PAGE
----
His geniality, however, dates from before Citizen Kane and transcends it. During the early 30s, he was the youngest cameraman in Hollywood, and between 1936 and 1942 he was nominated for six Academy Awards for Best Cinematography (Les Misérables [1935], Dead End [1937], Intermezzo: A Love Story [1939], Wuthering Heights [1939], The Long Voyage Home [1940] and Citizen Kane). He won it in 1940 for Wuthering Heights.

He was among the first cinematographers to use the deep-focus technique, in which the front and the background are all in focus. The focus is usually what guides the viewer’s eyes through the image, and when this technique is used composition and movement will be responsible to determine where the eye looks first.

Toland is the cinematographer in this list who died at a youngest age, only forty-four, but his skills perpetuated his name among the best cinematographers of all time.


25. Sergey Urusevsky (1908 – 1974)


Sergey Urusevsky was one of the most influential soviet filmmakers. His interest for graphic design and photography started very early in his life, and before WWII he studied under many constructivism artists in Moscow. During the war, he was a combat photographer. Characteristics of constructivism would later have an important place in his production as a cinematographer.

In his first years as a Director of Photography, he worked with Yuli Raizman, Vsevolod Pudovkin and Grigoriy Chukhrai, among others. His most known picture from that time is Chukhrai’s The Forty-First (1956). In that same period he worked in his first collaboration with director Mikhail Kalatozov, The First Echelon (1955).

This partnership would enrich the cinematographers style and bring him international recognition. His admiration for the cinematic form would find its highest expression. In that time, he created a very innovative technique in which the camera narrates the film, which was widely used in Russian Cinematography, having its highest point in Sokurov’s The Russian Ark (2002).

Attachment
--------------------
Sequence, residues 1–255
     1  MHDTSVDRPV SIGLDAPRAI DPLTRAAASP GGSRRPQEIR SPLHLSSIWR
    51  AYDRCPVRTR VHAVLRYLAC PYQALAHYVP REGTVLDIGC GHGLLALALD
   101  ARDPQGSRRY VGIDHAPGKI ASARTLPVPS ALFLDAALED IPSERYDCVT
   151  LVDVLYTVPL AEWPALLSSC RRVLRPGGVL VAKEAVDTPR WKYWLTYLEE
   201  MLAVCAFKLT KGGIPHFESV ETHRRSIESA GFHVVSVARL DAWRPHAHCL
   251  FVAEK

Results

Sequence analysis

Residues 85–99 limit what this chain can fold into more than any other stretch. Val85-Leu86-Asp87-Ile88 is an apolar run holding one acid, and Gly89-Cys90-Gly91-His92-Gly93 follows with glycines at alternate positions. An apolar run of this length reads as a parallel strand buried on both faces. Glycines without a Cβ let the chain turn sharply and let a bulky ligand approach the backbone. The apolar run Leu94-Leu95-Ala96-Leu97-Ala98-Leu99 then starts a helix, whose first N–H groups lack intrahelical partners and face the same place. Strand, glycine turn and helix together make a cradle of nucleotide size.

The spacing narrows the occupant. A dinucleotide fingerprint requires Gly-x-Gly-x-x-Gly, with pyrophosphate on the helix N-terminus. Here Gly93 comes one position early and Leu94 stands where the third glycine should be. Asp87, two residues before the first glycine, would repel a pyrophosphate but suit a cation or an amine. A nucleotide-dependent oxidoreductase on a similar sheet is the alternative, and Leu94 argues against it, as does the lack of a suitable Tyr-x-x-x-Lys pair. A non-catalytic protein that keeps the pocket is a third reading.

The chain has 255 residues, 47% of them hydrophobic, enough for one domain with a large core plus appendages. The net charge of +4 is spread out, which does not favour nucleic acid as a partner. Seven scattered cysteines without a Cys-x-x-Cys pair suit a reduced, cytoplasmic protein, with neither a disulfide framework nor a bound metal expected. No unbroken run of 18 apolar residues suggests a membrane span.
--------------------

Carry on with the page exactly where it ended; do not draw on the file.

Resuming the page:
The two most remarkable films from his collaboration with Kalatozov are The Letter Never Sent (1959)―which is known to have influenced Apocalypse Now! cinematography― and I am Cuba (1964), his last and probably most important work as a cinematographer.


26. Haskell Wexler (1922–)

who's afraid of virginia woolf

The american Haskell Wexler was another one of the ten most influential cinematographers of all time judged by the International Cinematographers Guild. Although his most well known films are from the seventies, at the impressive age of ninety-three, he is still working as cinematographer, director, producer and writer.

His first big-budget production as a cinematographer was in Elia Kazan’s America, America (1963). Only three years after he would win his first Academy Award for Best Cinematography―the last one in Black&White―with the masterpiece Who’s Afraid of Virgnia Woolf? (1966). Thereafter he would be responsible for acclaimed and innovative films of the New Hollywood era, such as the first one to use the newly invented Steadicam―for which he won his second oscar―Bound for Glory (1976).

Among other important films he photographed are One Flew Over the Cuckoo’s Nest (1975) and George Lucas’ American Graffiti (1973). His important production was not delimited to film, but also television, for which he founded a commercial production company with Conrad L. Hall, Wexler-Hall. In the 21st century, he has already photographed more than twenty documentaries (a few directed by him), being one of them yet to be released in 2015.


27. Gordon Willis (1931 – 2014)

The Godfather (1972)

Exactly one year ago, the film world lost one of its most important and influential people. Gordon Willis died of cancer in May, 2014.

Having born inside Hollywood―his father was a makeup man―Willis’ interests were always related to film. At first he wanted to be an actor. His actings in theatre led him backstage, where he learnt a lot about lighting. This would later help him become one of the responsible filmmakers for the aesthetics created on film during the 70s. What the directors from the era that immediately pop-up to mind (Francis Coppola, Woody Allen, Alan Pakula) had in common was this outstanding cinematographer behind them.